to take action against anyone found to have shirked his duty and responsibility. Someone has to take responsibility for what happened and as the minister, I am willing to resign if my ministry is found guilty by the committee probing the recent weather disaster. Unlike other officials I will not cling onto my post after it is proven that a mistake has been made on my part. Amaraweera also stated that he is proposing laws to make it mandatory for boats to be equipped with life jackets and other safety features, as a measure to prevent future disasters of this nature. If these fishermen had been wearing their life jackets provided to them perhaps we could have reduced the number of deaths. Last year we distributed around 3140 life jackets among the fisher folk and others engaged in fishing and related fields. This year too we will be distributing more life jackets, and it will be made mandatory for fishermen who venture out to sea to wear these life jackets, he added. Meanwhile the senior director of the Met Department Lalith Chandrapala told the Sunday Leader that his department stands by their claim that they acted within their capacity and could not issue a warning instead of a weather forecast due to the uncertainty of the low-level jet stream wind patterns. Especially after the first few weeks of the monsoon season there is a jet stream with winds of around over 50km per hour. Although this jet stream is present during the monsoons at around 5000 feet or even higher, but it comes closer to the land surface occasionally. What really happened in this instance was that in the afternoon when we were having the weather forecast we felt that there was a chance of this jet stream getting closer to the ground. However we were not 100% certain that it would and sometimes when the monsoon is very active the pressure difference around the island is very strong. However this time it was not so, which indicated to us that the monsoon was not that active. On the other hand we noticed a cloud mass south of the island and coming closer to the southern coast. We thought that the jet stream would come closer to the surface and normally the speed is around 80km per hour. Therefore we predicted that there was a possibility of strong winds. But since we were not certain, and there were some plus and minus points we issued a weather report and not a warning, indicating that there is a possibility of strong winds of over 80km per hour. However after around 10 pm the winds became rather strong but still below 60km per hour, which is normal during the monsoonal period. Then by that time most of the fishermen had gone to sea. How we normally do it is we post the weather report on our web site and issue the weather report to certain departments and organisations by fax. The met department stated that the fax to the fisheries department was issued at 4.16 pm on the 7th of June. However the wind speeds increased to around 80 km per hour around 01.00 am on the 08th morning. By that time we issued the warning at 03.00 am most of the fishermen had gone out to sea. He further added that even if the department had the most sophisticated weather instruments they would have not been able to predict this sudden weather phenomenon. Only one model was able to predict it and that was the Indian Meteorology Department but even they predicted that it would happen on the 08th, but it happened the day before, he added. When asked why only the smaller boats were affected he said that there could be two reasons for that. One reason is that trawlers have radio receivers and they are constantly in touch, and the other is that that the trawlers can withstand such wind speeds but the smaller boats cannot face even winds of 50 to 60km per hour. Our biggest worry is that the information sent out by us had not reached the fishermen on time, he said. Chandrapala further added that when they issue a forecast whether to the fisheries department or to the airline sector it is the responsibility of the controllers to disseminate the information to the relevant parties. However the Fisheries department is adamant that as the Met department had only issued a forecast and not a warning they had not acted on it. However it is questionable as to why the fisheries department did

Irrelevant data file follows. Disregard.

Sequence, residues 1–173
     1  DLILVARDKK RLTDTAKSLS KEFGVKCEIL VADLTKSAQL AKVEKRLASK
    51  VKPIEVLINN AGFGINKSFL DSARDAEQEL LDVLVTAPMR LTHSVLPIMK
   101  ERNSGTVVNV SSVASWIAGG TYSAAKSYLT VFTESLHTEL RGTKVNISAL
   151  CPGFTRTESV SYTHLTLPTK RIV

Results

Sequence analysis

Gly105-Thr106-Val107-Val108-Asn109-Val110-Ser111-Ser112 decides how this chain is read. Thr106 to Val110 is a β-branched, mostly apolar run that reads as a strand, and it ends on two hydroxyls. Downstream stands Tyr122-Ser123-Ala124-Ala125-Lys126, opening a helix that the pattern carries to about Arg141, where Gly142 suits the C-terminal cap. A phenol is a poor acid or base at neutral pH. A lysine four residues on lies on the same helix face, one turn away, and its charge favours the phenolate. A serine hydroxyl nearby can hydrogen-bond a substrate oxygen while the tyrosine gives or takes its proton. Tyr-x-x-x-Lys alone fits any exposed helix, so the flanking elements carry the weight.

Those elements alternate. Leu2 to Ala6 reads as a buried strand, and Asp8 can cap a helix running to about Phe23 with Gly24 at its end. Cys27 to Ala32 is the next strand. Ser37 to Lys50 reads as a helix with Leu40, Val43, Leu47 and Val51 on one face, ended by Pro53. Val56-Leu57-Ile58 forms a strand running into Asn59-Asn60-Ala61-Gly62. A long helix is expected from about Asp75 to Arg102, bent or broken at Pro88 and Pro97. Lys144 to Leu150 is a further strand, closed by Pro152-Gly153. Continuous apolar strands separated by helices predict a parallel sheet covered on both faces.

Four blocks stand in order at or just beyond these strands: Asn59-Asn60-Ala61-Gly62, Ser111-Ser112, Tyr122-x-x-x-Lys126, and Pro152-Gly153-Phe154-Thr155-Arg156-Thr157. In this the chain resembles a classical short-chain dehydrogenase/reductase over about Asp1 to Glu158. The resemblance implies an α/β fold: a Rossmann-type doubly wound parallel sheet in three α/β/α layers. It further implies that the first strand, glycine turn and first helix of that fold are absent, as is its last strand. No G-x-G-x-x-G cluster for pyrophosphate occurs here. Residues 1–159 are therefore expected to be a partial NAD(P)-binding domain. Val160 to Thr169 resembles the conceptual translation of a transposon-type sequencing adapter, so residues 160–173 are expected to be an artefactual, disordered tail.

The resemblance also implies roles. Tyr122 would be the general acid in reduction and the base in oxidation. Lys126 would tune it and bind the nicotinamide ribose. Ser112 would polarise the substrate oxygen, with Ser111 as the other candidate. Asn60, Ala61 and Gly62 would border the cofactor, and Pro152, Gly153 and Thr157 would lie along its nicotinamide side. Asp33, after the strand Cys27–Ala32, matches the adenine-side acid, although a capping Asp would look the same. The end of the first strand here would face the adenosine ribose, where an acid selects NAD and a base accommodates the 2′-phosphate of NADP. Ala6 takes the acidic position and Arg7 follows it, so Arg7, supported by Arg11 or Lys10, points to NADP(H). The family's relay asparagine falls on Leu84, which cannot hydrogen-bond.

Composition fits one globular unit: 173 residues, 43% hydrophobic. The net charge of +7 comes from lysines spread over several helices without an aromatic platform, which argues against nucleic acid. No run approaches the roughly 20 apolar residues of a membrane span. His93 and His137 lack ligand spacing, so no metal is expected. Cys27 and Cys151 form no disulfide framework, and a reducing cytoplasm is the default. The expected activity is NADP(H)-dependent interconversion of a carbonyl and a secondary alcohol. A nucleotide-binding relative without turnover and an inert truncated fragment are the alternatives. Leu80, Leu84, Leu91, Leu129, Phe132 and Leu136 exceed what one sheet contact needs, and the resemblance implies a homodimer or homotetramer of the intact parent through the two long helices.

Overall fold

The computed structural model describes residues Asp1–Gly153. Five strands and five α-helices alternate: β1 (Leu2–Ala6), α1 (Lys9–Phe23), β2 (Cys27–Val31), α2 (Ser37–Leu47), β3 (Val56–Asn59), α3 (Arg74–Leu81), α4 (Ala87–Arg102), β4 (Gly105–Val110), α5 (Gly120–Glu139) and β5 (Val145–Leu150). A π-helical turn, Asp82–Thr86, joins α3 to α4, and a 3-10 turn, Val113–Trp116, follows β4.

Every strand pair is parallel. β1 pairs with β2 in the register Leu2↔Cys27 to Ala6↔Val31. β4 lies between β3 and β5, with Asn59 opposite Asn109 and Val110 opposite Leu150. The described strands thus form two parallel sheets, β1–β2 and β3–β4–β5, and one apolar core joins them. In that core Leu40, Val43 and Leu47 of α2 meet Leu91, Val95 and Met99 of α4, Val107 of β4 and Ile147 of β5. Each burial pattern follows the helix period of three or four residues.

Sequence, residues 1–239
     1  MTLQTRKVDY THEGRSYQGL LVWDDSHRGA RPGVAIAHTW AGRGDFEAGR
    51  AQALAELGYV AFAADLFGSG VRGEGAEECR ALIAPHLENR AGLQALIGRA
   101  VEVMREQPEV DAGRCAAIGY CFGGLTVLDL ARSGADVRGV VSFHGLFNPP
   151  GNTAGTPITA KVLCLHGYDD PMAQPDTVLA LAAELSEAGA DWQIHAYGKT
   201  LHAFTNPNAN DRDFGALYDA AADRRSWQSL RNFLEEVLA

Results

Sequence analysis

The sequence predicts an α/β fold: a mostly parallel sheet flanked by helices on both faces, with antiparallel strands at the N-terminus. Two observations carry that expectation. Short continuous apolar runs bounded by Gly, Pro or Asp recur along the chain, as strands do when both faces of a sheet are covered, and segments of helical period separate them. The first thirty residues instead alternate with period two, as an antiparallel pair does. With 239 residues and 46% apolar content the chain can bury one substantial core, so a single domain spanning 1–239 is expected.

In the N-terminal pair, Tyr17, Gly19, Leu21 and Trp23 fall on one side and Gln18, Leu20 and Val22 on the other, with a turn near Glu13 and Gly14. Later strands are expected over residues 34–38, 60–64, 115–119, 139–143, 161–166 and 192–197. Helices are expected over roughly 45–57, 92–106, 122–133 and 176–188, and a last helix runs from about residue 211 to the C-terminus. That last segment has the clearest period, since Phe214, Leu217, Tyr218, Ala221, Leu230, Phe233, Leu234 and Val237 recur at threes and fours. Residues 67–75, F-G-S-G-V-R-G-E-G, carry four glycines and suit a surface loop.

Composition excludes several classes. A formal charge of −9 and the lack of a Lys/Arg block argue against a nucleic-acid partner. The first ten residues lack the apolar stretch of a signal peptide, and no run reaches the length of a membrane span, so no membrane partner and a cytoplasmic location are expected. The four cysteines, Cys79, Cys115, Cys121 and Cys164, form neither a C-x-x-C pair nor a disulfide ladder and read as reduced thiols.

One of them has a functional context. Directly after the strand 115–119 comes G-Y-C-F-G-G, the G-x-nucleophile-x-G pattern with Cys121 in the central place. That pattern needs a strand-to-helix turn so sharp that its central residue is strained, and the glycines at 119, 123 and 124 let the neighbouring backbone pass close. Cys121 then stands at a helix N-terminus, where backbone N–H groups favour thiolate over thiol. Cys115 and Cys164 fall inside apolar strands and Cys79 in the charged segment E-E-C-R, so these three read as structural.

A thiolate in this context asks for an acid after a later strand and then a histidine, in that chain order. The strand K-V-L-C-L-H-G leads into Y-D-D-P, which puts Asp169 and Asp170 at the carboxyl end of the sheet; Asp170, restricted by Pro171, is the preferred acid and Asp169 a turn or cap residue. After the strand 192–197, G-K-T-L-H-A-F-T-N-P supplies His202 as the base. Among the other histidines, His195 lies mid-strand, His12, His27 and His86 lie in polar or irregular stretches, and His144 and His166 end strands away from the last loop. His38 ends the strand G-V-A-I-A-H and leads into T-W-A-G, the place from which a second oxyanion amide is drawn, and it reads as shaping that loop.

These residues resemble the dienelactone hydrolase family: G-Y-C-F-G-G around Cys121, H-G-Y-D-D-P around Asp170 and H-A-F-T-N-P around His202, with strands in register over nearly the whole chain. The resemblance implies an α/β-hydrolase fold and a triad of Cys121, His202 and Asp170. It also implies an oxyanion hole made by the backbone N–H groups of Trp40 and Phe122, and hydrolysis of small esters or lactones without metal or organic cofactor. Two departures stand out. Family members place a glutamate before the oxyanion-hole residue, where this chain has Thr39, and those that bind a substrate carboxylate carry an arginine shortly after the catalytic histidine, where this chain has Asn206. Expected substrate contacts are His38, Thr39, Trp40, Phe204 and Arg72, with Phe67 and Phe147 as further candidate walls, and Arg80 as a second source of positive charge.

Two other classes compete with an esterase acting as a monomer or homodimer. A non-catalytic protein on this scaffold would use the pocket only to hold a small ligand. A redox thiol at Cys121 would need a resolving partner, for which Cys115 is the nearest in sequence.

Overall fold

not warn the fishermen of impending danger if they ventured out to sea with wind speeds expected to reach 80 km per hour. The deputy fisheries minister Sarath Kumara Gunaratne told the Sunday Leader that they would not abandon the affected families and that the children of the affected fishermen would be taken care of by the government. However, the question that is raised is that having the capacity to have prevented such a catastrophe from taking place why these two departments did not act together to prevent the loss of so many lives. The deputy minister said that the president had taken the matter over and called for a report. The main thing that needs to be done is not to punish anyone but to see what could be done now that the disaster has already happened. The relevant authorities need to formulate a plan to work together in the future to prevent it occurring again. Had the Met department issued a warning on time then we would have informed the fishermen and prevented this from happening. Everyone took it easy as it was just a weather forecast, he charged. Meanwhile the Doppler radar which was to be installed last year after a similar incident occurred in the southern seas is still to be installed. There are many excuses given as to why the installation of this radar has been delayed, but whats the point in all the excuses once the disaster has taken place? The Met department has gained a reputation for making blunder after blunder with regard to weather predictions and warnings over time. The government therefore needs to at least this time conduct a proper investigation and take action against anyone responsible for the loss of so many precious lives. The fisheries department too cannot escape the blame as they too should have had the sense to read the forecast and understand that the wind speeds predicted could be harmful to the fishermen and warn them of the impending danger. However while both departments keep blaming each other for the blunder; over 50 fishermen have paid with their lives for their incapability to perform their duties properly. Instead of simply calling for reports and safeguarding those at fault, at least this time the government should punish those found guilty of shirking their responsibilities, instead of trying to cover up their blunders.